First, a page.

Two of the Booker longlist books, including this one, have Salman Rushdie quotes on their covers. It was Salman Rushdie who first made me realise what language could do, and started my love affair with postcolonial literature, so I was expecting big things from this.
And it did a pretty good job, although not at all in the way I expected. You shouldn’t go into it, as I half-did, expecting it to be Midnight’s Children. It’s certainly not magic realism; in fact it’s as much realism and as little magic as you can get, with its focus on the grey, grubby, panic-studded mundanity of immigrant life – overcrowded houses, building sites, and the backs of vans, not to mention the sheer number of misunderstandings. It feels necessary, though, and of its time (and place – well, places) in a way that fiction often doesn’t. The newspapers in the UK are full of immigration at present; if it’s not refugee camps at Calais, or frozen stowaways falling from the sky onto London roofs, then it’s right-wing politicians demonising anyone who talks with a funny accent. There is a lot of superb and even-handed journalism covering all of this, although not as much of it as there needs to be – but, to quote EL Doctorow, ‘The historian [or journalist] will tell you what happened. The novelist will tell you what it felt like.’
This novel, I think, goes a long way to telling us ‘what it felt like’. The narrative focuses on three men – boys, really – who travel from India to the UK in search of work, and on a girl who helps one of them to do so, and on what happens to all four of them during the boys’ first year in the UK. In explaining how each of the main characters got to where they are, we’re taken back to India for extended parts of the narrative, and these for me were the best bits – especially Tochi’s story, which had me wincing and (metaphorically) covering my eyes.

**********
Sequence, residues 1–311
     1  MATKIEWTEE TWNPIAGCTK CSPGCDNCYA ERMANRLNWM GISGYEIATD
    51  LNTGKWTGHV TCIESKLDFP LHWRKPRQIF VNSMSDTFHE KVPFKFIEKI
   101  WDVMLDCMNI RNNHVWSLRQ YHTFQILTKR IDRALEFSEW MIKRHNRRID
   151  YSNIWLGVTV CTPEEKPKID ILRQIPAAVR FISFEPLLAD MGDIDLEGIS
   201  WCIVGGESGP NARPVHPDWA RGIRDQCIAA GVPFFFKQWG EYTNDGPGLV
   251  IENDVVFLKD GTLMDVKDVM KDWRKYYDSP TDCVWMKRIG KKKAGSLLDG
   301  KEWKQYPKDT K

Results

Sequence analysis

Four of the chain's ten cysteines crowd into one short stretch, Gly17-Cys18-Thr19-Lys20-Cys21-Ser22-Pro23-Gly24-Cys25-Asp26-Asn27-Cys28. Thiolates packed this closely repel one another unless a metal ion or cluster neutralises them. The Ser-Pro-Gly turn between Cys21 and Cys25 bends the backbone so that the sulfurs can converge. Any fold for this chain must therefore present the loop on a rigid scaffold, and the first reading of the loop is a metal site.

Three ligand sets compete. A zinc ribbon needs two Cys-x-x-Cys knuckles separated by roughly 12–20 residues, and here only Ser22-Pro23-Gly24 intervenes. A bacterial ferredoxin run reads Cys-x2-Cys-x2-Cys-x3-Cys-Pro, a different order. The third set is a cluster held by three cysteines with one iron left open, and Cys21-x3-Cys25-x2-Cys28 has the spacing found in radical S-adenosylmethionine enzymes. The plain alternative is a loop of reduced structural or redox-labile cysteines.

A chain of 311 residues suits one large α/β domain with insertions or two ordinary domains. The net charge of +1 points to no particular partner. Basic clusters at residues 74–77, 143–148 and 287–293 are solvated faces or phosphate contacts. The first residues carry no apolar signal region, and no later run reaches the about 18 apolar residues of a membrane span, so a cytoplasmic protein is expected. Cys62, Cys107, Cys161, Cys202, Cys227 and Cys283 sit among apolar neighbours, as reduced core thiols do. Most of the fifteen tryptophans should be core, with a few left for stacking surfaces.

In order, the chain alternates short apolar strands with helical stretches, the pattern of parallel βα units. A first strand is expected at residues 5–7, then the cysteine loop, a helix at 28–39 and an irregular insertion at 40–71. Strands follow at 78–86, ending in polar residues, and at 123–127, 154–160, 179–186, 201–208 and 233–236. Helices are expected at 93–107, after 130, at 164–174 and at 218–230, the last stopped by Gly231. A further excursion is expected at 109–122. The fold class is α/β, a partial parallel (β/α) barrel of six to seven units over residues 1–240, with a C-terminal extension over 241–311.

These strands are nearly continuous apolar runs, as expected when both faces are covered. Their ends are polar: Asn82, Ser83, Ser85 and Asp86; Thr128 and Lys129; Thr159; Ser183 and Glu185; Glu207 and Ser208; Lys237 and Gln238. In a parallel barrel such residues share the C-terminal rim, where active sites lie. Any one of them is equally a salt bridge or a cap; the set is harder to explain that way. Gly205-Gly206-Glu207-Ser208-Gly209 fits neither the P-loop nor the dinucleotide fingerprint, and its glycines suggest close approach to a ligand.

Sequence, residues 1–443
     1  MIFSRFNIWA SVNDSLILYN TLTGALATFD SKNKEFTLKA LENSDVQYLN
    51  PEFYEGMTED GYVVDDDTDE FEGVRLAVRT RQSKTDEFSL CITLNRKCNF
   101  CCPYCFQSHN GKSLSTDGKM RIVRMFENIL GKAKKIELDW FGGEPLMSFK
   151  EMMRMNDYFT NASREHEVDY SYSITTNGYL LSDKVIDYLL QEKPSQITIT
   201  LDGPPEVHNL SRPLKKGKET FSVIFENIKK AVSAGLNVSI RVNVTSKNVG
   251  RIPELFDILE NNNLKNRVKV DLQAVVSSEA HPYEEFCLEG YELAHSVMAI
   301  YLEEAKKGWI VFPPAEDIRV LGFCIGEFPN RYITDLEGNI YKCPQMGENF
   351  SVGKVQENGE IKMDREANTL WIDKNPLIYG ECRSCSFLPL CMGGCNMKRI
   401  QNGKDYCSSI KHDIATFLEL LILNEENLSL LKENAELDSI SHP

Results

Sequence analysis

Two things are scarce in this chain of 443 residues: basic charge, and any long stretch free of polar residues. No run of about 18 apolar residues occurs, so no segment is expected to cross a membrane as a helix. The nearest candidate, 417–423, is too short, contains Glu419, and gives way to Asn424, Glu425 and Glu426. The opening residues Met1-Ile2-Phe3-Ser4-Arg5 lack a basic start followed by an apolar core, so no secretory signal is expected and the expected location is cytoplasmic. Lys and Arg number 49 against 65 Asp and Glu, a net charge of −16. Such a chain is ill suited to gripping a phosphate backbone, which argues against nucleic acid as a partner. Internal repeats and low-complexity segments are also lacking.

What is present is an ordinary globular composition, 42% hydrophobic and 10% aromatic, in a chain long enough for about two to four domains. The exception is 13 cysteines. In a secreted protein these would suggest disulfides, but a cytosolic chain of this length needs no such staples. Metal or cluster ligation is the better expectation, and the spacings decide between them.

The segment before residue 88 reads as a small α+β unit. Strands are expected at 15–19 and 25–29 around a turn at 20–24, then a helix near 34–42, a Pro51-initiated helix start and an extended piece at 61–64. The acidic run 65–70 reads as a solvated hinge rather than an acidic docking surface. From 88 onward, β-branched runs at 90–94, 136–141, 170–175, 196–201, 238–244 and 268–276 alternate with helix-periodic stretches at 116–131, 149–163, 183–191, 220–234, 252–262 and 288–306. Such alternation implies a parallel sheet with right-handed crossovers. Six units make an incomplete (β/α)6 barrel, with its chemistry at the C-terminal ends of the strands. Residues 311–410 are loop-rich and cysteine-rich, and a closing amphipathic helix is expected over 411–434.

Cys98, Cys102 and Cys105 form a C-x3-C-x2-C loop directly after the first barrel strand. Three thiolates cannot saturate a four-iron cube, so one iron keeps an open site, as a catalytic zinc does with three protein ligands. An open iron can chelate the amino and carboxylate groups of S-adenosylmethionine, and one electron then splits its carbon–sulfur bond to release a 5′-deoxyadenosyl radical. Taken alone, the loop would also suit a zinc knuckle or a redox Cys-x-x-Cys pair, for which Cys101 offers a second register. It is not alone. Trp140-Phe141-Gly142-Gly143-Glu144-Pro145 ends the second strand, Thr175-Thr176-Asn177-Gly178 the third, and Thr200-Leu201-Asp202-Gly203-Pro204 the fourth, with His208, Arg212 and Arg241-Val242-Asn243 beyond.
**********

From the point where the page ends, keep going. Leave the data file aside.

In fact Tochi, to me, was the most interesting character throughout. Of the three, he’s the one who has entered the UK illegally, smuggled into the country through a series of airport doors and heavy goods vehicles. (The other two, from India’s middle classes, are on a study visa and a marriage visa and – whilst they certainly don’t have an easy ride (just ask Avtar’s body parts) – their journey doesn’t seem quite as desperate.) The difference between where Tochi’s been and where he’s trying to get to is never clearer, for me, than in his exchange with an airport worker on his way out of India. ‘She asked if her uncle had shown him how to use an escalator – moving stairs. He said he hadn’t and she made a frustrated noise. She looked at the watch face on the underside of her slender wrist. “We don’t have time now. You’ll have to just work it out.”’ Let’s just take a second to imagine how freaked out we’d be, trying to navigate life in the UK, completely on our own, if we’d never even been on an escalator. Randeep and Avtar have their own rookie moments, including crossing gargantuan roads and staring at people in pubs, but it’s the escalator that stayed with me.
Being new to a country is one thing; staying new is something else. As someone from an uncomplicated ethnic background, I also remain fascinated by the relationship that ‘British Indians’ – in this context, those who have already been in the UK for years by the time the narrative starts – have with both India and with Britain. Reactions range from Dr Cheema, who doesn’t feel at home in Britain no ‘matter how many garden parties I threw for my neighbours’, to the middle-aged couples in Sheffield who have carried their ideas of the Indian caste system with them to the UK, to the teenagers – Randeep’s cousins, I think – who are completely uninterested in (and even embarrassed by) anything to do with the subcontinent. Even Narinder, born in the UK and comfortably middle-class, has an incredibly complex relationship with India through her community, family and (especially) religious ties. Through her in particular, Sahota eloquently makes the point that there will never be a ‘one-size-fits-all’ approach to multiculturalism – or at least not one that works. It’s a welcome addition to a debate that will only get louder in the UK over the next few years.